Life and Death of Signs and Pictures: Wittgenstein on Living Pictures and Forms of Life

Sabine Plaud


A major difference between the early and the later Wittgenstein is commonly assumed
to lie in a renouncement to the so-called “picture-theory” of language. Yet, even
after the 30’s, Wittgenstein maintains a strong connection between propositions and
pictures, by asserting that “the picture should be the more direct language”. The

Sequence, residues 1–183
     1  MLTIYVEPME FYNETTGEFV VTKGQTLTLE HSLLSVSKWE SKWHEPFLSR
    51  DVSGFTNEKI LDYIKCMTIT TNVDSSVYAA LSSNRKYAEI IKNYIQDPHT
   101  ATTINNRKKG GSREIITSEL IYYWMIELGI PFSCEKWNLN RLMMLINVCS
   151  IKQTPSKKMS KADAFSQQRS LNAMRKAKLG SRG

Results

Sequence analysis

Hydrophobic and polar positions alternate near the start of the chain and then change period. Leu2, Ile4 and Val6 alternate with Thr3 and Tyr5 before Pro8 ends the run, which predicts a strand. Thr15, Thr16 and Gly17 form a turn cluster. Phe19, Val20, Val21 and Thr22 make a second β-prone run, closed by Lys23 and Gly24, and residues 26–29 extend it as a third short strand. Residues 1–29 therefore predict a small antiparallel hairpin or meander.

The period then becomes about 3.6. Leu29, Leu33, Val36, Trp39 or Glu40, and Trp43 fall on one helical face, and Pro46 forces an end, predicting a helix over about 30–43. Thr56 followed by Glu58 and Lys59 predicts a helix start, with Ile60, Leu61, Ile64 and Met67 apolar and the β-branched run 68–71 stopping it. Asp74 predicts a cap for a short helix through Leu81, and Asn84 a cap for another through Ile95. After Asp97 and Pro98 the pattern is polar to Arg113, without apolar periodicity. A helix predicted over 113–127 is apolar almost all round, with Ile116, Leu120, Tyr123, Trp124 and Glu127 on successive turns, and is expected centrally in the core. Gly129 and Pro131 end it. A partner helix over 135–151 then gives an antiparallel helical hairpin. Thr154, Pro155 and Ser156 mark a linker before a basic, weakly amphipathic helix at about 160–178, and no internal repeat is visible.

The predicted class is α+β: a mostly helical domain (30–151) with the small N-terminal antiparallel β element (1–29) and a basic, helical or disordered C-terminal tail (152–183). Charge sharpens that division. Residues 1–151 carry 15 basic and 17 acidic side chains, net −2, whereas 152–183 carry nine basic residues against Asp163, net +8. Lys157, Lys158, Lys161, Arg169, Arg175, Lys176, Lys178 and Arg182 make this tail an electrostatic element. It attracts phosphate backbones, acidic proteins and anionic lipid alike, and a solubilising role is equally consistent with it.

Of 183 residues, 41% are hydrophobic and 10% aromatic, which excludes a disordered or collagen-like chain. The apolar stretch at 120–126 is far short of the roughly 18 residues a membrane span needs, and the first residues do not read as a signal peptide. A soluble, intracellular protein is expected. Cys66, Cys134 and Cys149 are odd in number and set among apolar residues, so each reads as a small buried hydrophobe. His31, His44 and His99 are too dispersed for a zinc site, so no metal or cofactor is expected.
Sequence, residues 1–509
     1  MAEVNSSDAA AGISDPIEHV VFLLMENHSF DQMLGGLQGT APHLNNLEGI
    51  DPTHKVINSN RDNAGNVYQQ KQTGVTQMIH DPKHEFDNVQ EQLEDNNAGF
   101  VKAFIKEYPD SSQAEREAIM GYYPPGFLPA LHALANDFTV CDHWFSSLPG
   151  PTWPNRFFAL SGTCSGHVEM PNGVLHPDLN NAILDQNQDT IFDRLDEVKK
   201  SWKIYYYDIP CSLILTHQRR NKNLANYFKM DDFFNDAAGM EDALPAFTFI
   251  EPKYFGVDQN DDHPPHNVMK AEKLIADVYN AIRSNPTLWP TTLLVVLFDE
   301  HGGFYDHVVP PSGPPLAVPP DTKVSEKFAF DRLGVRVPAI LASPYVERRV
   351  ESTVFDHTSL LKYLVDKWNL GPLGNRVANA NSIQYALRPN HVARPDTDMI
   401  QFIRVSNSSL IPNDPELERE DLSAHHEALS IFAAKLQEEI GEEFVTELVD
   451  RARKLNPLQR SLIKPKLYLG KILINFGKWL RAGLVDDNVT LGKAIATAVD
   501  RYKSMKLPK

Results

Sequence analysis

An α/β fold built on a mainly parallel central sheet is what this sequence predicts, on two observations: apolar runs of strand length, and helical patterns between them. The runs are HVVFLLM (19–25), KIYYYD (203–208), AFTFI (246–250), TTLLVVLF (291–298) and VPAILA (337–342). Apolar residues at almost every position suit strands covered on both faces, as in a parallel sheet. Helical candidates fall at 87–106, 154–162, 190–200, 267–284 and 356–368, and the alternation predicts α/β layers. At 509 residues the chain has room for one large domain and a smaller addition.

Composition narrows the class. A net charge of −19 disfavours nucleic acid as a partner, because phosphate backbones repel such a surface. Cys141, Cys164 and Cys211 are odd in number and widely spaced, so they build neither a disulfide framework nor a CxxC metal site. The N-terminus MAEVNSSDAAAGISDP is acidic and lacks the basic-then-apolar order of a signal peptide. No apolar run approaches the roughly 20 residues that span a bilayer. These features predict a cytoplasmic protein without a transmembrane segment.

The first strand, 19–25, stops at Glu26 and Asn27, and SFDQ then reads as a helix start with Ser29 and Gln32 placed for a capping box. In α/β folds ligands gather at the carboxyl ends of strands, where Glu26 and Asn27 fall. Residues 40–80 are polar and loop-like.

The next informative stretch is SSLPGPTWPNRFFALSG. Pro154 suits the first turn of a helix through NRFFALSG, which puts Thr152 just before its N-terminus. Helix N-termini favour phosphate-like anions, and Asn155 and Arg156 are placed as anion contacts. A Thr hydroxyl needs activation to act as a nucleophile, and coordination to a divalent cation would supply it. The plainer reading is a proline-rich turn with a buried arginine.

paper focuses on one given feature held in common both by pictures and linguistic
signs, namely their conditions of life. Pictures as well as signs are regarded by
Wittgenstein as living organisms, unable to stay alive unless they integrate an
organic system: a language, a form of life. The Philosophical Investigations’ claim
is that “[e]very sign by itself seems dead”: in this respect, pictures
are very similar to signs, since an isolated picture also loses any kind of vitality
or significance.


philosophy; 20th century philosophy; Wittgenstein Ludwig; sign; picture; form of life; picture theory; diagram

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